Ensuring all students have access to effective educators is a critical part of equity. But teacher shortages and attrition are an ongoing problem, especially in the highest-needs, lowest-resourced schools. Through the Learning Forward Academy, I have spent 2½ years examining the issues of teacher recruitment and retention to understand how the Kentucky Department of Education, where I work, can support efforts to improve them.
My work has focused on grow-your-own programs for high school students, an innovative approach to bolstering the teacher pipeline. Kentucky high schools can establish a local teacher candidate pool from their own student body through programs like the Teaching and Learning Career and Technical Education pathway. These programs offer high school students dual-credit opportunities, including educator preparation coursework and co-curricular activities. This paves a clear path for entry to an educator preparation program and, ultimately, teacher certification.
Establishing these grow-your-own programs requires securing appropriate partnerships, especially among state and local education agencies and higher education institutions. Although most educators recognize the value of collaboration, too often in education we miss the critical step of clearly defining the roles of each partner. As a result, there is increased potential for redundancy, irrelevant or conflicting advice, and ultimately, a loss of confidence among partners and the schools they aim to support.
Each member of the Learning Forward Academy identifies a problem of practice and conducts a project to address it, informed and supported by the rich learning we engage in with Academy coaches, classmates, and resources. I focused my Academy project on clearly defining partnership roles in grow-your-own programs, to ensure the services each partner provides are relevant and helpful.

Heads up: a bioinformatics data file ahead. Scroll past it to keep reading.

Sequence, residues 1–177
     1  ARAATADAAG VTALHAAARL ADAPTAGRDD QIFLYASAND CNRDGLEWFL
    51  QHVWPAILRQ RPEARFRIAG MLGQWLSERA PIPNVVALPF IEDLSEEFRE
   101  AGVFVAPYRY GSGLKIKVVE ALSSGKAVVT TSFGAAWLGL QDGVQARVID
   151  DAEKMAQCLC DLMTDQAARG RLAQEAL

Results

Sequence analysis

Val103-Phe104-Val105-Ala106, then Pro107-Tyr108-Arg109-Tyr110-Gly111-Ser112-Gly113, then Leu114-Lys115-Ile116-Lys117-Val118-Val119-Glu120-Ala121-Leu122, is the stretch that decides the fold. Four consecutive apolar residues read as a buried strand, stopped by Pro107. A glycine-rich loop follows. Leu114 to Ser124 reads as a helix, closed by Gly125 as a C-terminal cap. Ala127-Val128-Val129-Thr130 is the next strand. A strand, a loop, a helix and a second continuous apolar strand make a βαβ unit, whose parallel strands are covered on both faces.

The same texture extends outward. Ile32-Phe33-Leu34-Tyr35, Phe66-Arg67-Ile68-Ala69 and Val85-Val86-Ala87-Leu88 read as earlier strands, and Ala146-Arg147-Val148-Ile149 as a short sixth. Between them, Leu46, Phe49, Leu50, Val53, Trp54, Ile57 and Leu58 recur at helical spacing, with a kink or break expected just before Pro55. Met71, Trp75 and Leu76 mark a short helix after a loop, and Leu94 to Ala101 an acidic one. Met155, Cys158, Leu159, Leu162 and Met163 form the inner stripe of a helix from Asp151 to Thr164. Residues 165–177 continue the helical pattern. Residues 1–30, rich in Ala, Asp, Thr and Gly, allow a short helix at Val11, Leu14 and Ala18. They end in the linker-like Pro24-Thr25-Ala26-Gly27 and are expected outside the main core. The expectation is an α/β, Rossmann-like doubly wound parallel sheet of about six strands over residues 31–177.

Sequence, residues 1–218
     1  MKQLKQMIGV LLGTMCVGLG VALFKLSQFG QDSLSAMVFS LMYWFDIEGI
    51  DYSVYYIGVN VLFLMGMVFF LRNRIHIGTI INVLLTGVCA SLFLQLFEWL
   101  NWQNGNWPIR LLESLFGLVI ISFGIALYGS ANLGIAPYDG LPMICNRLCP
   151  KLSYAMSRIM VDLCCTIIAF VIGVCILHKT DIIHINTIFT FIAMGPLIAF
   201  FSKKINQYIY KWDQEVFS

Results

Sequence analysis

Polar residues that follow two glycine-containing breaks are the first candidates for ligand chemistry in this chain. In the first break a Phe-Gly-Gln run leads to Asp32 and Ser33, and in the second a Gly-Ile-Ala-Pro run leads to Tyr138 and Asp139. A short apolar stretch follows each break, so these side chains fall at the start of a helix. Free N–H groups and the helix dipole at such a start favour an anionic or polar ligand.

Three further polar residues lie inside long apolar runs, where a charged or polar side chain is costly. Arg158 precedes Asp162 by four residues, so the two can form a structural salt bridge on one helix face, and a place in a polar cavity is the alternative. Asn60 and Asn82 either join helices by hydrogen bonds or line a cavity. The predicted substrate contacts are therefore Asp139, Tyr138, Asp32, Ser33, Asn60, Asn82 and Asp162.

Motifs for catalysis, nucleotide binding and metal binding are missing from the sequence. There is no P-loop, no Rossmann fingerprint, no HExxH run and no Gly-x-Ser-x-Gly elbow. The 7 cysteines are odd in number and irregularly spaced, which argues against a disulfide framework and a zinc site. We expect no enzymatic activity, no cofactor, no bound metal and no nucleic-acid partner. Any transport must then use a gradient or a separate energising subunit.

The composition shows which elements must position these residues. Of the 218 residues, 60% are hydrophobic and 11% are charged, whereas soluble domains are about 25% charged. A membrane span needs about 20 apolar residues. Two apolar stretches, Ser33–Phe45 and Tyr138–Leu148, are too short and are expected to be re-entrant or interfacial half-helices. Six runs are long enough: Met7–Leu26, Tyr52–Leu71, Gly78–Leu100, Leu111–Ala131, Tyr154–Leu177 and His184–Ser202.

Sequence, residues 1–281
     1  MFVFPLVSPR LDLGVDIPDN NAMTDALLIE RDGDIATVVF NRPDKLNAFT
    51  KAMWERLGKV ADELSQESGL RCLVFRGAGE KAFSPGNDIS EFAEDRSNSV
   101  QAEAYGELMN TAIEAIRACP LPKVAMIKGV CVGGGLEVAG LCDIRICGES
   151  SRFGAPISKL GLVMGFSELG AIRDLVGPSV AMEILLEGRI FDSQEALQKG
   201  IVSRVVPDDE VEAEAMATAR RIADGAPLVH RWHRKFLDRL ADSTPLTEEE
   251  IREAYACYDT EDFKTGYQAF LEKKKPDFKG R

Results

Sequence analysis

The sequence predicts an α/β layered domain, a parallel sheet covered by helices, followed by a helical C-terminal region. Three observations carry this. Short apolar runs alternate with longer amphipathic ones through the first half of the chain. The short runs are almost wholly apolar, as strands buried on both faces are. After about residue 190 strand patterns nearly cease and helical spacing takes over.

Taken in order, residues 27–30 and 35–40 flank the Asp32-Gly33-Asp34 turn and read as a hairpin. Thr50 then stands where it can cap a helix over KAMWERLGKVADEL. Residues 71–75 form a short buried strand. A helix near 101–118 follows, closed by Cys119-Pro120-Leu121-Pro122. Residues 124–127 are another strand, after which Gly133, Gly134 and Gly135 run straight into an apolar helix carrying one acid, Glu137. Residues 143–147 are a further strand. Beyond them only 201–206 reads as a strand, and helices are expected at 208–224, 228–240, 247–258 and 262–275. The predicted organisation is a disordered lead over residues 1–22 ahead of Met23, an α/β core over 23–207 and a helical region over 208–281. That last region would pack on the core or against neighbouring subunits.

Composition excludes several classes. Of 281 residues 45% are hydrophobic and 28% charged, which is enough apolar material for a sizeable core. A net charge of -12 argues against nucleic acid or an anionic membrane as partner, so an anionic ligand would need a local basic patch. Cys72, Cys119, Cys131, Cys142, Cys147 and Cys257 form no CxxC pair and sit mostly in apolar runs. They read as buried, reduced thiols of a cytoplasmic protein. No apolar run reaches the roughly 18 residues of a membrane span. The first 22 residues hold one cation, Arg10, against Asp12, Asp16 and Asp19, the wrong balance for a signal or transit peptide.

The Learning Forward Academy experience provided rich professional learning that helped me think about and navigate collaboration between organizations. I established a goal statement grounded in Learning Forward’s Standards for Professional Learning (Learning Forward, 2011) and a theory of change. With the support of my coaches, learning team, and Academy classmates, I then created and implemented a program and evaluation plan.
To help build role clarity and effective partnerships, I drew on the role-specific Innovation Configuration (IC) Maps for the Standards for Professional Learning (Learning Forward, 2014). During a weekend Academy session, I learned about these powerful tools, which allow for examining the specific ways various groups can be expected to contribute to district professional learning efforts and making distinct action steps for each group based on the strengths and limitations of each partner.
While each provider can play a part in teacher recruitment and development structures and systems, each must work within its own space and means in order to be effective. Applying this knowledge has led to the development of clearly articulated guidance for local education agencies and higher education institutions and to stronger cross-agency collaboration.
Going forward, I hope to continue seeing more grow-your-own partnerships established, filling local pipelines of effective educators being prepared as early as high school to be a future Kentucky teacher. We are continuing to expand state-level educator recruitment and development efforts in a number of innovative and exciting ways, like GoTeachKY (goteachky.com), striving toward equitable access to effective educators for students across the Commonwealth.
The learning, resources, and network of support I gained through the Learning Forward Academy will be instrumental in this work, as well as in my professional and personal growth. Their influence will continue to be felt in grow-your-own programs and beyond.
Learning Forward. (2014, June). IC maps for external roles. JSD, 35(3), 52-56.
Learning Forward. (2011). Standards for Professional Learning. Author.
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